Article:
Then, “efficiency” raised its ugly head, and savvy moguls realized they could outsource and deliver the “news” from central locations… and stop paying writers a living wage.  So, instead of a full staff in towns like Reno, where I live, we’ve got a skeleton crew slapping together prepackaged issues that have been designed to offend the least number of folks, while efficiently delivering a “product” to wrap around the advertising.

Yuck.  Same thing happened with radio.  There are just a handful of media comglomerates now (including the honking big Australian invader run by Murdock), for both radio and newspapers in the states… and they possess all the verve and personality you’d expect from a distant corporate board.  Zilch.

Oh, there are a couple of local writers kept on the dole to cover the rescues of tourists in kayak accidents, the wildfires, and the scandals in city hall too big to ignore.  But the “coverage” is thin and frightened, like mice peeking around the corner ready to bolt at the first sidelong glance from the pussycat.

Like GMs grisly demise, this did not have to happen.  The Web isn’t killing newspapers.  Newspapers are killing newspapers.  With sheer incompetence.

I see a silver lining, though.

Now that the best and the brightest of our scribes are no longer being seduced by Wall Street (cuz there aren’t many jobs left there)… and the shiny bright distraction of greed has dimmed a bit… there is an opportunity for more decent writers to re-engage with the noble profession of journalism again.

We need them, too.  Desperately.  This fragile little experiment in democracy can’t survive without the Fourth Estate kicking ass and taking names.

It may all still end up online, which is fine.  Or, more likely, some workable combination of online and offline presentation.

Maybe the new manifestation will be an actual “newsblog”.  The bloggers now working are limited in their ability to dig for stories from scratch — most (like Drudge) must operate solely from swiping the work of real professional journalists for the raw material.

Others (like mix it up a bit more… combining nicked stories from the newswires with additional reporting (sometimes) on top of the carping and critiques.  A few (like Politico), though blatantly slanted to one side or the other of the political spectrum, have actually broken major stories later picked up by the mainstream media.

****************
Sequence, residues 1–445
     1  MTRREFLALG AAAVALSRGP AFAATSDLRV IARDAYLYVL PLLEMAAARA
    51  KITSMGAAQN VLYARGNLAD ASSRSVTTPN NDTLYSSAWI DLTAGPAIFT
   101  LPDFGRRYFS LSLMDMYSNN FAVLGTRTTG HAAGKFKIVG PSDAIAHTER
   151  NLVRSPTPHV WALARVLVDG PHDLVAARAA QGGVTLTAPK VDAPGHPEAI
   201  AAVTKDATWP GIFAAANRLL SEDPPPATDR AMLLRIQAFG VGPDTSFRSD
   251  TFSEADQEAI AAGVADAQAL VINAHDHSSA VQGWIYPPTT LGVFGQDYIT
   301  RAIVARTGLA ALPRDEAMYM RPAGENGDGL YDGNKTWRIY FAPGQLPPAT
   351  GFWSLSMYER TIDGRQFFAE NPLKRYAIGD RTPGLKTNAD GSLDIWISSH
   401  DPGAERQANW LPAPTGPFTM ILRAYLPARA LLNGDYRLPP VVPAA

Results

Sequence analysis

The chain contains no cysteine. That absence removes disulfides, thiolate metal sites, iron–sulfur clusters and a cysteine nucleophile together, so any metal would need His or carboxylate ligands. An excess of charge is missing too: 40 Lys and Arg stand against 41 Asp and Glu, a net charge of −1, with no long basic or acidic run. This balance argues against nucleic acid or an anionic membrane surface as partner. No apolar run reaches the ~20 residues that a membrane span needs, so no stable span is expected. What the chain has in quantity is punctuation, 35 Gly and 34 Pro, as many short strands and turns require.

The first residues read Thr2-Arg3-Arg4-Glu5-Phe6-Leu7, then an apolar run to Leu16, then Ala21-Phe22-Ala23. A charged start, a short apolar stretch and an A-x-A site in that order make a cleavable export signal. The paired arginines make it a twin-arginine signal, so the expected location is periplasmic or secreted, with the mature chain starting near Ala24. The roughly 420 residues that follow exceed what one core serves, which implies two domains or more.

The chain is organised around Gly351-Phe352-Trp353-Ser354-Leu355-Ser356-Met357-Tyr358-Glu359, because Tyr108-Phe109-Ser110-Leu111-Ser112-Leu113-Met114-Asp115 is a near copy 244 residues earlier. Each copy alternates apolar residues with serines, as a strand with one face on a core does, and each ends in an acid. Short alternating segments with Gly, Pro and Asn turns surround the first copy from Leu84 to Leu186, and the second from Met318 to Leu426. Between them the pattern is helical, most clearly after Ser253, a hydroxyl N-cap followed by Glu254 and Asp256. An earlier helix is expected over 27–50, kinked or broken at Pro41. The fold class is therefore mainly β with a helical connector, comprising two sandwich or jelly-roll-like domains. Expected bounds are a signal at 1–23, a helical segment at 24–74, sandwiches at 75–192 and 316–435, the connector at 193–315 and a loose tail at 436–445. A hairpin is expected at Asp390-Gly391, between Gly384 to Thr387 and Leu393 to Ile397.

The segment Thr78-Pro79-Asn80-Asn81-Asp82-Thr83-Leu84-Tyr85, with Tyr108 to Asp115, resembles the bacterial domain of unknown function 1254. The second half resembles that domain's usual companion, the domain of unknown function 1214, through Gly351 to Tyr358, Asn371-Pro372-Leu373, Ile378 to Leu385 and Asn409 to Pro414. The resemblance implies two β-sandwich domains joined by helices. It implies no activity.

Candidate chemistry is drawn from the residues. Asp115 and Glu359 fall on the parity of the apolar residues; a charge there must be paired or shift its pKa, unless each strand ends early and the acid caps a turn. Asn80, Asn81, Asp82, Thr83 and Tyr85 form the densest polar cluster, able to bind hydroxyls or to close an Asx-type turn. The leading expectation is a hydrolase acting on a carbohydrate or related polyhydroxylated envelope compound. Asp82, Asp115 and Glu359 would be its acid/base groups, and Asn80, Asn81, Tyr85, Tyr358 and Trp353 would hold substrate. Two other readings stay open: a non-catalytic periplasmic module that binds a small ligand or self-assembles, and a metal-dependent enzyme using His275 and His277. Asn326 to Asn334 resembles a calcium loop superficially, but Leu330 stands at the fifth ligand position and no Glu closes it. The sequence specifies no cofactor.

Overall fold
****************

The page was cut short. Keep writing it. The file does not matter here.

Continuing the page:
It’s a mess out there right now.  With the not very good result of young people ignoring all actual news, and getting their worldview from places like YouTube (and their facts from the manipulatable Wikipedia).  I like all these alternative sources… but it’s pretty scary to think upcoming generations are relying on them.

Another advantage the Aussies have, of course, is that they’re sports-mad.  I believe Oz has a higher percentage of the population earning a living as a respected pro athlete than the US by a wide margin… and nearly every town has a pro team in one of the main sports.

And the best way to keep a sports nut happy is to print out detailed analysis, with lots of obscure stats, of each game… along with cheeky, opinionated, and fur-raising commentary.

(Ed Dale took us to a footie match, the home town Bulldogs against the Richmond thugs, and we had a blast.  I don’t understand why their version of the game hasn’t caught on the States.  It’s a controlled riot, easily as entertaining as any sports event I’ve ever witnessed.)

The folks who know how to write are dominating the conversations going on right now, in every part of your life.  They’re scripting the movie we’re all living out, and if you want to have a say, you’ll need to get your chops sharpened.

The Aussie audiences love my message of learning the easy path to becoming a writer.  They intuitively know the power of the pen (whether it’s delivered by email, video, webpage, or with newsprint) because the evidence is everywhere.

We’re losing that sense in the US.  The mainstream media will sell its soul for another ad dollar in revenue, and has no interest in the common good.  Newspapers, reduced to thin wrappers for the stuff that doesn’t do well on Craig’s List, are abandoning their responsibility to keep The Man on his toes.

This will change.

The new “elite” will be those in possession of good information… and they will be tempted (as always) to horde it and not let anyone else in on the tips.  Without good investigative reporting, they’ll get away with it, too.

Good reporting requires sacrifice and nerve and hard detective work.  The ranks of reporters are thin at the front lines, and they will welcome fresh help from smart, outraged, energized new writers.

Gonna be an interesting ride, at any rate.

In the meantime, dig harder for the truth when you can.  Don’t get lulled into a bored trance, just cuz we’re lacking local chutzpah in the news media.

As the Aussies show us, it’s still a noble — and very exciting — profession, when done right.

Stay cheeky,

John Carlton